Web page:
Gwynn vs Boggs

Babe_Ruth

Sultan of Swat
Staff member
V.I.P.
#1
Two great players, especially when it comes to hitting. Who do you guys believe was better between the two and please explain your answer?

Discuss
 

Millz

LGB
Staff member
V.I.P.
#2
This is a tough one but when I first read the two choices I automatically picked Tony Gwynn on this one. He never won a World Series but thinking back on watching him play I dont know if there was any better hitter in the era in which he played.

It seemed like Gwynn could put the ball wherever he wanted, whenever he wanted. He was hitting .394 in 1994 before the strike ended the season pre-maturely...that's unheard of these days. Boggs was notorious for being able to do the same thing, though. He would pepper the Green Monster in Boston for years.

You cannot go on statistics alone to compare these two. Look what they both did in their careers and look at how similar they are.

Gwynn: .338 average, 135 HRs, 1138 RBI, 3141 hits
Boggs: .328 average, 118 HRS, 1014 RBI, 3010 hits

Gwynn has a slight advantage in every statistic but what shocked me the most was the amount of career stolen bases Tony Gwynn had. He had 319 stolen bases! Most people remember the chubby looking player he retired as but forget his earlier years.

So I'll go with Gwynn in this one. Granted I saw him play more then Boggs but I just think with the kind of hitter he was that he was overall better.
 

Babe_Ruth

Sultan of Swat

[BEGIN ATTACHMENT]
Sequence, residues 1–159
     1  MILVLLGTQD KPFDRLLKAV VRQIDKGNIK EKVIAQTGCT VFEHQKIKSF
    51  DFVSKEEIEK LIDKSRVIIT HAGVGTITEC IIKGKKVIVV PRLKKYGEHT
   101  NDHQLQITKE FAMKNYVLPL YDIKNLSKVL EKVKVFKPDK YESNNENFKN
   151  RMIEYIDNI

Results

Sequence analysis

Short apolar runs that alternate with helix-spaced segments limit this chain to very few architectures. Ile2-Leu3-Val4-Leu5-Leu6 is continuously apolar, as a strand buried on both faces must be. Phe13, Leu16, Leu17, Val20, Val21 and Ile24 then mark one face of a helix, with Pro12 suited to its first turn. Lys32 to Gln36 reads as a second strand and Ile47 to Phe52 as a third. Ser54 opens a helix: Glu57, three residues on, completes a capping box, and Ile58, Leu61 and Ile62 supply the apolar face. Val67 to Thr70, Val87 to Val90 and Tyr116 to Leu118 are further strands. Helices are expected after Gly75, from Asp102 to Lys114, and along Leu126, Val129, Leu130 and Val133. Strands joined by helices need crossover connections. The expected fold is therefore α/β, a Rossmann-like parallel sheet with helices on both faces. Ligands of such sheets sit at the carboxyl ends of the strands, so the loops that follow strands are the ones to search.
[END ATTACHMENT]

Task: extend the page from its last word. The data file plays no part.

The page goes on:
Staff member
V.I.P.
#3
Both were great players, terrific on-base machines, and definite hall of famers. Their offensive stats are so close, you have to look at league norms and position comparisons to make a distinction. Even then, both had higher on-base % and lower power numbers than other players at their respective positions.

If I really had to choose one? Gwynn always impressed me as a classier guy, a good 3B is harder to find than a good RF, so Boggs I guess, but it's very, very close.

An interesting note on Boggs though: Bill James cites a study (I believe in his 3rd Historical Abstract) wherein a simulation of several thousand seasons was conducted, and in none of those did Boggs hit 20 home runs. His 24 homers in 1987 were so statistically unlikely, they're off the scale, supporting the suspicion that the ball was juiced that season. Gwynn had a very typical season in 1987.
 

Millz

LGB
Staff member
V.I.P.
#4
Both were great players, terrific on-base machines, and definite hall of famers. Their offensive stats are so close, you have to look at league norms and position comparisons to make a distinction. Even then, both had higher on-base % and lower power numbers than other players at their respective positions.

If I really had to choose one? Gwynn always impressed me as a classier guy, a good 3B is harder to find than a good RF, so Boggs I guess, but it's very, very close.

An interesting note on Boggs though: Bill James cites a study (I believe in his 3rd Historical Abstract) wherein a simulation of several thousand seasons was conducted, and in none of those did Boggs hit 20 home runs. His 24 homers in 1987 were so statistically unlikely, they're off the scale, supporting the suspicion that the ball was juiced that season. Gwynn had a very typical season in 1987.
Hmmm that's a very interesting find about the 1987 season. Which makes it even more remarkable that Boggs' 3,000th hit was a home run!